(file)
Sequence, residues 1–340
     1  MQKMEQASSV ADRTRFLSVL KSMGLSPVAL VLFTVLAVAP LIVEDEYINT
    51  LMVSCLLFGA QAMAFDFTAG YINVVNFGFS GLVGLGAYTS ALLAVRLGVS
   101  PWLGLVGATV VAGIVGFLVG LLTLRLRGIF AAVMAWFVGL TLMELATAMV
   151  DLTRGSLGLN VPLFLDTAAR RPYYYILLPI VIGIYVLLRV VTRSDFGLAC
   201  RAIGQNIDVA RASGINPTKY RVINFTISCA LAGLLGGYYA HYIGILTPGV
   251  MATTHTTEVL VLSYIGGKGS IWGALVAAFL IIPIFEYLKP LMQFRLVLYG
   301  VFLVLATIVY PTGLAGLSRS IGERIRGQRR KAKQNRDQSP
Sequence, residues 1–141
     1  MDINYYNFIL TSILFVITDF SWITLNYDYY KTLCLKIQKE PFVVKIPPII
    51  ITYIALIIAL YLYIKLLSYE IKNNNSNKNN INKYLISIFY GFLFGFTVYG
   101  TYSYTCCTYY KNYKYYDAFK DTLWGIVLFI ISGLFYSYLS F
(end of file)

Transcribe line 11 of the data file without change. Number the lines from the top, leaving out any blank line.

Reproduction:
    51  ITYIALIIAL YLYIKLLSYE IKNNNSNKNN INKYLISIFY GFLFGFTVYG